Emotional Pain: Why It Matters More to Animals Than Physical Pain and What to Do About It
World Small Animal Veterinary Association Congress Proceedings, 2018
Franklin D. McMillan, DVM, DACAW
Best Friends Animal Society, Animal Care, Kanab, UT, USA

What Is Pain, and What Is Emotional Pain?

Pain has two meanings, both presented in standard and medical dictionaries. One meaning refers to standard nociceptive, or physical pain. The other refers broadly to all types of unpleasant feeling states - emotional as well as physical. Unpleasant emotional states are associated with feelings that hurt - they cause suffering. This is emotional pain. Types of emotional pain for which substantial evidence exists in animals include fear (and phobias), anxiety, separation anxiety (or separation distress), isolation distress (loneliness), boredom, frustration, anger, helplessness, grief, and depression.

The Functional Value of Unpleasantness

The aversiveness of physical pain serves to command attention, interrupt ongoing behavior, and motivate actions aimed at mitigating the aversive experience. It has been theorized that the function of emotional pain is analogous to that of physical pain, focusing attention on threats and motivating behavior to minimize the threat. For example, it is widely accepted that physical pain promoted survival by protecting the individual from bodily harm - precisely the function of fear. Indeed, pain and fear frequently operate in unison, as in avoidance learning.

Evidence That Emotional Pain Is Not Just a Metaphor

Much of our language refers to unpleasant emotional states as “painful” and using pain-related terms like broken heart, heartache, crushed, burned, and reopened old wounds. But is this just a metaphor? In recent years evidence has been mounting to indicate that it is not, and that the view of unpleasant emotional states as a form of pain appears to have a valid scientific rationale.

1.  A common neuroanatomical basis
Research in humans and nonhuman animals has provided convincing evidence that social pain and physical pain rely on shared brain processes, both anatomically and physiologically.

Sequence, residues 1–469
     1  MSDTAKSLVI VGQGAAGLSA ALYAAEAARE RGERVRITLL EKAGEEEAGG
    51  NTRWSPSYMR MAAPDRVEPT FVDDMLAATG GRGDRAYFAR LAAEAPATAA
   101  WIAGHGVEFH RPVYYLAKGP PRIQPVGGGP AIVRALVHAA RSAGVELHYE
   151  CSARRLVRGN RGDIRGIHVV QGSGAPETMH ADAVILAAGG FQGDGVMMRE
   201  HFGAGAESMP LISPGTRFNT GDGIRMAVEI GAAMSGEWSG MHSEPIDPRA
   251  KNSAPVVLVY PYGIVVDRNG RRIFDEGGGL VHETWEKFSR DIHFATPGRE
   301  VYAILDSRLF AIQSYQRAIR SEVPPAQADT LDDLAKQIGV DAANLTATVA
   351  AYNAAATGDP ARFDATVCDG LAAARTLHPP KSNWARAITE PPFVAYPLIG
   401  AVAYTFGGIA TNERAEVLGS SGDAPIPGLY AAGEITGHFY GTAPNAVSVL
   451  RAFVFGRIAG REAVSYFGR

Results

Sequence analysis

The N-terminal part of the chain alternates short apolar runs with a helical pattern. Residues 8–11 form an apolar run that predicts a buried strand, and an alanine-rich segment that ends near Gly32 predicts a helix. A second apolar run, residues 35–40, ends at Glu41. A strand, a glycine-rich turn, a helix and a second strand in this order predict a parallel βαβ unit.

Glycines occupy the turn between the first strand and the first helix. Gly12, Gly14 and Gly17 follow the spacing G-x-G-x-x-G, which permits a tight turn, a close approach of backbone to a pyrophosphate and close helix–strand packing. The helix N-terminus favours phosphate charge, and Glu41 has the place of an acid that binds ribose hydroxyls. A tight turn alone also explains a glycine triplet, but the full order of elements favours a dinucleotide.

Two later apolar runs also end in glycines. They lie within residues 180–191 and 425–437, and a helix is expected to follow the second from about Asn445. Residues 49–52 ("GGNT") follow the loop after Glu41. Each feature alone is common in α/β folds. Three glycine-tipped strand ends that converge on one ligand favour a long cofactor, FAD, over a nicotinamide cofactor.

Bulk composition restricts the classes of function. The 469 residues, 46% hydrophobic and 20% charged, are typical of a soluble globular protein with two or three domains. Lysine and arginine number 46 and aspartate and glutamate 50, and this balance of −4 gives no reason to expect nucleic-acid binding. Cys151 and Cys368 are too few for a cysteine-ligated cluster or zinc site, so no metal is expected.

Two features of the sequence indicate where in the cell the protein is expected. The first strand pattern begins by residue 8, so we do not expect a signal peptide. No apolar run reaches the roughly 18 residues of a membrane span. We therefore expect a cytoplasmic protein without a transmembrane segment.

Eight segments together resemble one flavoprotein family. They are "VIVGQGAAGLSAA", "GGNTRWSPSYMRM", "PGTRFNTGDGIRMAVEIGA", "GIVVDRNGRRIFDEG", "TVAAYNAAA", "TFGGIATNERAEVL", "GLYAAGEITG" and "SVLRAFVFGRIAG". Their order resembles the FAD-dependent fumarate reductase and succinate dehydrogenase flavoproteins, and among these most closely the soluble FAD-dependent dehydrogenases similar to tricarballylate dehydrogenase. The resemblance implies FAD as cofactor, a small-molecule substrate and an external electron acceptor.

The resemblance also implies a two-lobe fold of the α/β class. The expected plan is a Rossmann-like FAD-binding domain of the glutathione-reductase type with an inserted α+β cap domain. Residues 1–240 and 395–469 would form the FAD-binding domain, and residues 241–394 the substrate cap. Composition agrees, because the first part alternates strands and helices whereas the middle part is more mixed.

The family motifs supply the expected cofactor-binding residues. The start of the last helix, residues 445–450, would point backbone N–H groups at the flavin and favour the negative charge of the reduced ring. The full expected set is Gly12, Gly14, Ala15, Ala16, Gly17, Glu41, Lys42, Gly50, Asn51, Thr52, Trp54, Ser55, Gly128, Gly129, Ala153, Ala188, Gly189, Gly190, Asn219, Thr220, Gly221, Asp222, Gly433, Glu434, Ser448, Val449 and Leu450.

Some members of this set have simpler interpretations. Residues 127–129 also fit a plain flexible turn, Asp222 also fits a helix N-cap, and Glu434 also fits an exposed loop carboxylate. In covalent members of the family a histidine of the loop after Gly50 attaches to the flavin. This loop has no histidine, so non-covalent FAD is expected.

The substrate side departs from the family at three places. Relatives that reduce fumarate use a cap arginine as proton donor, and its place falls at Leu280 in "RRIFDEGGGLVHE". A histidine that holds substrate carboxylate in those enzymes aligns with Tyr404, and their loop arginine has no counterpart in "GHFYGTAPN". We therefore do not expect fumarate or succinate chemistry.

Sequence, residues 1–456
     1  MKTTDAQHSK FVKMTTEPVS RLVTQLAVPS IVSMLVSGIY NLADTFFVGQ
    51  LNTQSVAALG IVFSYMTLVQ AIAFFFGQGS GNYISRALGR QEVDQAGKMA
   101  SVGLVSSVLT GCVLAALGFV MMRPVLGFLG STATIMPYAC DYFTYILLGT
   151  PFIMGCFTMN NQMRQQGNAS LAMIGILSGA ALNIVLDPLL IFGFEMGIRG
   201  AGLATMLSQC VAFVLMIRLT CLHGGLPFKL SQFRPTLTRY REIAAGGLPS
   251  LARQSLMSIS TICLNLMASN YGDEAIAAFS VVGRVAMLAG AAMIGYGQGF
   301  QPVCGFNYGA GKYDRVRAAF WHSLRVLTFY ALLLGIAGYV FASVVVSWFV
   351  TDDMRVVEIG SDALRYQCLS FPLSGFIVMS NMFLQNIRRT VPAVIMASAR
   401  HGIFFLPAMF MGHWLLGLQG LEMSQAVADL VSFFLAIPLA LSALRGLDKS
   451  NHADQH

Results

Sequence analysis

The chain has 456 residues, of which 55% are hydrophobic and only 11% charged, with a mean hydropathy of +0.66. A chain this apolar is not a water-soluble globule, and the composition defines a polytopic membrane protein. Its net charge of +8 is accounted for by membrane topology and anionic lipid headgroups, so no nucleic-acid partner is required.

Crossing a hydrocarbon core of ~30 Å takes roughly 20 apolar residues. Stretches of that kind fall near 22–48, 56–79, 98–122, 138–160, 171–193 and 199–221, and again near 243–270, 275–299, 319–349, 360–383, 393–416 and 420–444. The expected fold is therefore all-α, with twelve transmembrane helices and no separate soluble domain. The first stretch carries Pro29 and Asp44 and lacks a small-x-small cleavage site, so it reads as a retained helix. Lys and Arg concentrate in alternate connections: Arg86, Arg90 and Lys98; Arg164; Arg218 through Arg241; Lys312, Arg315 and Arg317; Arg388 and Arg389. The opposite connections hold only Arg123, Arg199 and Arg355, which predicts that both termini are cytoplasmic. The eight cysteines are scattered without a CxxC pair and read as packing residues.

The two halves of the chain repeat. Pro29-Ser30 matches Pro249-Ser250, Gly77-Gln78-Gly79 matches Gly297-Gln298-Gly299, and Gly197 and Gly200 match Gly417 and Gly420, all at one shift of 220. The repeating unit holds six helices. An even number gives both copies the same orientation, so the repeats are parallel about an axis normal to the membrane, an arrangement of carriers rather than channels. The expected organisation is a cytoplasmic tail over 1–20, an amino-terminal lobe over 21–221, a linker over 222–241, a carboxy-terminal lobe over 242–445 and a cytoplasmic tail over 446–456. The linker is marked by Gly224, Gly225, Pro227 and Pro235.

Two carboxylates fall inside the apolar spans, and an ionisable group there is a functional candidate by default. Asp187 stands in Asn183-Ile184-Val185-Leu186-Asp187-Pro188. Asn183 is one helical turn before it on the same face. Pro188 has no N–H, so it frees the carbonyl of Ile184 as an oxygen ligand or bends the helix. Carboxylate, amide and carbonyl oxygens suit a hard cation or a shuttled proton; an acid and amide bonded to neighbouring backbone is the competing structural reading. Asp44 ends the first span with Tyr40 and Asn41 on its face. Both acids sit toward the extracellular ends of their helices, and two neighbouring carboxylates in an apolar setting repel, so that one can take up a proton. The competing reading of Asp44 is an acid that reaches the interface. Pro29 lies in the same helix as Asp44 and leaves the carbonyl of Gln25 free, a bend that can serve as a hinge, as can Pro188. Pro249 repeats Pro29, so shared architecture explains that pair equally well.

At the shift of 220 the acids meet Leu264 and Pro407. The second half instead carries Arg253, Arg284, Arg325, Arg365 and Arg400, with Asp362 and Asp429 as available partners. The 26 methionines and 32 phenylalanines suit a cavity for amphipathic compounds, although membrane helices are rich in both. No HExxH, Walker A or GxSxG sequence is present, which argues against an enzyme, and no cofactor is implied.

2.  Sensitivity to physical pain corresponds to an enhanced sensitivity to the emotional pain
Findings from several human studies provide evidence that when an individual shows an enhanced sensitivity to one type of pain they also show an enhanced sensitivity to the other.

3.  Eliciting physical pain produces the experience of social pain
One study found that social and physical pain cause common psychological consequences. Both social and physical pain produce feelings of being ignored and excluded; previously, only social pain was found to lead to these effects.

4.  Methods for alleviating one type of pain alleviate the other
In animals and humans, physical and socio-emotional pain are alleviated similarly by 2 different methods: social support and drugs. Regarding drug therapy, it was recently demonstrated in humans that acetaminophen - a drug well-known for its analgesic effects for physical pain - can alleviate some forms of emotional pain. (Note: Acetaminophen should not be used in animals in any capacity other than as specified in current veterinary drug manuals.)

Evidence That Social Pain Can Be More Distressing Than Physical Pain